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Santiago de Compostela.  If you want to feel Christianity, feel it in your bones, feel it resonate with history, feel its promise for the future, here is where you come.

Sant Iago – St. James – is the patron saint of Spain, and here is where the faithful believe he is buried.  For over a thousand years, peregriños, pilgrims, have followed the Way of St. James from all corners of Europe, over the Pyrenees, and across northern Spain to its northwestern corner in a region called Galicia.

Their goal is the Cathedral of Santiago de Compostela, which houses the tomb of Christ’s Disciple.  As it has been for centuries, so it is now.  Every day sees swarms of peregriños arrive, having completed their pilgrimage, flooding streets of the ancient city, filling up the cathedral to worship and pray.

Close to 200,000 Christians of all ages will walk to Santiago de Compostela this year, and more are expected next year.  They come to pay homage to the saint known as Santiago Matamoros – St. James the Moor-Killer – whose images of killing Moslems are here for all to see.  St. James is the savior of Spain from Islam.  He is the patron saint of the Reconquista.

We get our English “James” from the Italian “Giacomo,” which is from the Latin “Iocobus,” which is from the Greek “Iokovos,” which is from the Hebrew “Ya’akov” or Jacob.  For the French, it’s “Jacques,” the Portuguese “Jaime,” and the Spanish “Iago” or “Diego.”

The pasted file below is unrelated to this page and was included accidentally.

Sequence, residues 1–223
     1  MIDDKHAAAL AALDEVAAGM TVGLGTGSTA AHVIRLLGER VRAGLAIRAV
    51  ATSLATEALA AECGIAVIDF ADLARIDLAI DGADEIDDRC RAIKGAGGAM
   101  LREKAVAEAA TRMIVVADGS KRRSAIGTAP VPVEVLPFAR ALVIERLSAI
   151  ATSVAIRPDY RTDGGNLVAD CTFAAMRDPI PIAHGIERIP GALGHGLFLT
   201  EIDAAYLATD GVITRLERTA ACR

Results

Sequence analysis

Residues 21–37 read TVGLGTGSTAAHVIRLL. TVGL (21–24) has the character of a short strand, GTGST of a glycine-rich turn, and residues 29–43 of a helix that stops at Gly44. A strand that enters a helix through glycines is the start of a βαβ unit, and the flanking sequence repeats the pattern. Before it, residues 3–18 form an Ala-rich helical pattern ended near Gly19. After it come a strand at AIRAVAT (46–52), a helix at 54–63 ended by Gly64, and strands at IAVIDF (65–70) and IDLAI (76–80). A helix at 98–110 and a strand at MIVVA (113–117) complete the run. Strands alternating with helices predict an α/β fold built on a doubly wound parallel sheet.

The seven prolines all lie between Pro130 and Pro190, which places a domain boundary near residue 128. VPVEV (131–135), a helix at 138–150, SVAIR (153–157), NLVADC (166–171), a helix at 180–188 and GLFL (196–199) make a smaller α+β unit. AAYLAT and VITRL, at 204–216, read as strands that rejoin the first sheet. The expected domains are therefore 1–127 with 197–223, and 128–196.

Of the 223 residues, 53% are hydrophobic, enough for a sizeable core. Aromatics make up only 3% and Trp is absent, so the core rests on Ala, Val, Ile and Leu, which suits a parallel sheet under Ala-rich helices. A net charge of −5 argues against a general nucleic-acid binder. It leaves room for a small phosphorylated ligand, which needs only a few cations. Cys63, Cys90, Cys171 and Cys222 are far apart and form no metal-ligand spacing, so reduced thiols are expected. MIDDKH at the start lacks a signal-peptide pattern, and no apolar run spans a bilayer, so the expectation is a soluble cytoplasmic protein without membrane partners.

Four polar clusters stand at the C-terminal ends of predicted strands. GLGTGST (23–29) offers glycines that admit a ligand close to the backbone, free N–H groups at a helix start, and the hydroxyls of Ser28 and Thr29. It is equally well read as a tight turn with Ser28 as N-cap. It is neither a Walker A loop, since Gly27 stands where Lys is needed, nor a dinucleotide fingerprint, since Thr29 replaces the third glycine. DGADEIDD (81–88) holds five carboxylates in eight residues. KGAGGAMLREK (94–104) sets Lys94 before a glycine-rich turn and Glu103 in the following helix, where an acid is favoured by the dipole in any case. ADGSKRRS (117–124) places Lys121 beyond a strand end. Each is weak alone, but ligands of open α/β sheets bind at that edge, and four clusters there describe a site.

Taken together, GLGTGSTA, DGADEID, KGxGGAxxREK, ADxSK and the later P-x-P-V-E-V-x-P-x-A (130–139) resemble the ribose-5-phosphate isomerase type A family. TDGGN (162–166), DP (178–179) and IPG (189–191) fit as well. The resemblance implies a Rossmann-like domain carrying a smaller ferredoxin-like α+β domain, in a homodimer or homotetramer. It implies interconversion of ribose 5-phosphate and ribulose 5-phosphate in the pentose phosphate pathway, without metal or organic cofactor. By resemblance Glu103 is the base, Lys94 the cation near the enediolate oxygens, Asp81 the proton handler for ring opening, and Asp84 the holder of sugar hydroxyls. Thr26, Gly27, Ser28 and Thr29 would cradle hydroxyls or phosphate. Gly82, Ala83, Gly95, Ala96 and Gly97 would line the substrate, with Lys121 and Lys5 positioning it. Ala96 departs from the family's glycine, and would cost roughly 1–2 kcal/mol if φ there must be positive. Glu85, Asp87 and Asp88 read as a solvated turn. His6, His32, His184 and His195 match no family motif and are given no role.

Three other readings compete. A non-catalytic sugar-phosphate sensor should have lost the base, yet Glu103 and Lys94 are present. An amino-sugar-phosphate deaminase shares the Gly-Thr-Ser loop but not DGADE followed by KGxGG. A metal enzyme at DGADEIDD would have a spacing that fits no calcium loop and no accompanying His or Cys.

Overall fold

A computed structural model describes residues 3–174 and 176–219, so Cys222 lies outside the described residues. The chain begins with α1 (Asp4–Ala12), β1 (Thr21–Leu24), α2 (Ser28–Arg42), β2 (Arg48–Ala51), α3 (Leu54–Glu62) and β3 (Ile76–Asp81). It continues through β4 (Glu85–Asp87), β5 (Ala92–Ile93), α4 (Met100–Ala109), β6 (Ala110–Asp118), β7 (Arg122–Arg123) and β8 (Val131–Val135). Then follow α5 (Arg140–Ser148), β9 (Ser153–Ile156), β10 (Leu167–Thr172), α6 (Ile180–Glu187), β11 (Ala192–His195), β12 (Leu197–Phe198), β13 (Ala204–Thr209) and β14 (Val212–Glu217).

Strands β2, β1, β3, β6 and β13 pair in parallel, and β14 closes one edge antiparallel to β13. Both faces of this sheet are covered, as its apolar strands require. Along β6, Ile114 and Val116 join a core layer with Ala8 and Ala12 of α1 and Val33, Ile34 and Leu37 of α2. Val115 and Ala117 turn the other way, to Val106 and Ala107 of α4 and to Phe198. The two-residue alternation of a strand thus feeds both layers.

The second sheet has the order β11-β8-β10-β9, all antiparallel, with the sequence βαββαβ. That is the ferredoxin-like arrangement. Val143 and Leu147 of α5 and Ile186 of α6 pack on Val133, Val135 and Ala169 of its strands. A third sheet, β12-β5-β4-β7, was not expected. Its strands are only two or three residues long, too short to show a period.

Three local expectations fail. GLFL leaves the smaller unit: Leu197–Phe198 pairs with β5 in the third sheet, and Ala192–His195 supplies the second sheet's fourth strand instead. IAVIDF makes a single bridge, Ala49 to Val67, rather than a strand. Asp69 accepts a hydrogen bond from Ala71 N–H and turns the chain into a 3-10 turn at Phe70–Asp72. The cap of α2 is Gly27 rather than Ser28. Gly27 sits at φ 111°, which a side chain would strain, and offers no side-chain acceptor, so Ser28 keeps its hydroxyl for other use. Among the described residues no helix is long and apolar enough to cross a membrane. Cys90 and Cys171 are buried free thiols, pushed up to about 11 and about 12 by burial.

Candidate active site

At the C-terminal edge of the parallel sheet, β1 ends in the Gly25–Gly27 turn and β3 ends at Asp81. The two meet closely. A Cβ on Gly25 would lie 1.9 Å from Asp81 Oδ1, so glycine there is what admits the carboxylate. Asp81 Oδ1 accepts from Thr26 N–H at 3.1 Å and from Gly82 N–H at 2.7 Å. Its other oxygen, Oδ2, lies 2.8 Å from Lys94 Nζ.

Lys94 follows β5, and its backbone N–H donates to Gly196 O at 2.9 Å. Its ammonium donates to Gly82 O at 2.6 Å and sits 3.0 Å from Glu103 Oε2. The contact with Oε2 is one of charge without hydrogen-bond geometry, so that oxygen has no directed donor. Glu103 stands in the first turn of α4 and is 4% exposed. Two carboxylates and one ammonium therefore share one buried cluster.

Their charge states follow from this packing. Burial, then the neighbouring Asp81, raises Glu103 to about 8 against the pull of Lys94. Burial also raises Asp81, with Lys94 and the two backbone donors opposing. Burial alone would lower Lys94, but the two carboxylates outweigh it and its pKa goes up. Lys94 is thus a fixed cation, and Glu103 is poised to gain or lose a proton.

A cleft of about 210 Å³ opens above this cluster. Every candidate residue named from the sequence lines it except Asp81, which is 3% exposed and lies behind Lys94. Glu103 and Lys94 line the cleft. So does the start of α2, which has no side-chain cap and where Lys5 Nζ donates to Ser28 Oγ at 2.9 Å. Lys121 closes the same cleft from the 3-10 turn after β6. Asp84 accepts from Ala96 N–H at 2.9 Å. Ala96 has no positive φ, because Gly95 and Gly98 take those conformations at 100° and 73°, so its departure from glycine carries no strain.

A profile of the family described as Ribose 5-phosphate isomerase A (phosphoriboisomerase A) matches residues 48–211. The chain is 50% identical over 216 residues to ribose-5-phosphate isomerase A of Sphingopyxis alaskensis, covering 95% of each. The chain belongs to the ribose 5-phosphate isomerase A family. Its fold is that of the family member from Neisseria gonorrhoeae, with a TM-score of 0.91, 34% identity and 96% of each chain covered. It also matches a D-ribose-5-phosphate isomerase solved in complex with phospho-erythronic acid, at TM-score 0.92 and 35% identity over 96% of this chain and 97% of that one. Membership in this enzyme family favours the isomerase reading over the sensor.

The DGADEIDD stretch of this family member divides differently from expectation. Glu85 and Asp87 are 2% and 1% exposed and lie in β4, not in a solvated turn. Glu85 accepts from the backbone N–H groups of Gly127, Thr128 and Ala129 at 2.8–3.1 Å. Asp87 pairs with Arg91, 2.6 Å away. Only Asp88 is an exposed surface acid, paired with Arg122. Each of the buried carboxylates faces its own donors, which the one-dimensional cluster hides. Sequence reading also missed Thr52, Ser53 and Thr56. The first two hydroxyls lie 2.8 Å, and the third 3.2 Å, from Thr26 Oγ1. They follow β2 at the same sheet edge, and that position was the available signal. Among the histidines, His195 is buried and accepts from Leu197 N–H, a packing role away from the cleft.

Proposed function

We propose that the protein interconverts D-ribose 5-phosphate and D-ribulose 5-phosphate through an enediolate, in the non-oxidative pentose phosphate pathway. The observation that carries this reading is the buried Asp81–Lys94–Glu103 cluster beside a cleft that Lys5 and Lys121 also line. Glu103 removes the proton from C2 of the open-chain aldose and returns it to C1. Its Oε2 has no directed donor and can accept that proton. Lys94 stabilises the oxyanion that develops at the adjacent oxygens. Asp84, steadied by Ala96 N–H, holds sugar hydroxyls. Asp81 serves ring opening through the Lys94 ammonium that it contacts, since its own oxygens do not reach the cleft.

The Biblical St. James was the son of Zebedee, a fisherman on the Sea of Galilee, and his wife Salome, sister of the Virgin Mary (cf. John 19:25 with Mark 15:40).  He and his brother John were asked by their first cousin Jesus to be one of the Twelve Disciples.

In the years between Christ’s crucifixion (ca. 29 AD) and James’ execution by Herod Agrippa in Jerusalem (44 AD, Acts 12:1-2), James according to medieval tradition preached the Gospel in the Roman province of far western Hispania.

A thousand years before, sea-faring Phoenicians founded trading colonies along the Mediterranean coast of a land they called i-shaphan-im, the land of hyraxes (a furry critter that looks like a rabbit with tiny ears).  Centuries later, Roman colonists Latinized this to Hispania – España to the Spanish, Spain to us.

The civilization that Rome, and later the Roman Catholic Church, deeply established in Hispania endured until the 5th century AD, when it was conquered by two waves of Germanic tribes.  The first was the Vandals, who called their conquered territory Vandalusia.  Next to come were the Visigoths.

Becoming Christians, the Visigoths established a kingdom with its capital at the old Roman city of Toletum (Toledo) that lasted for almost 300 years.

In 711, an invading force of Berbers from North Africa, who had just adopted a religion called Islam, landed at a huge rock promontory called Mons Calpe at the southern tip of Hispania.  The invaders’ leader was Tariq ibn Ziyad, so they renamed the monolith Jabal Tariq, the Rock of Tariq – subsequently shortened to Gibraltar.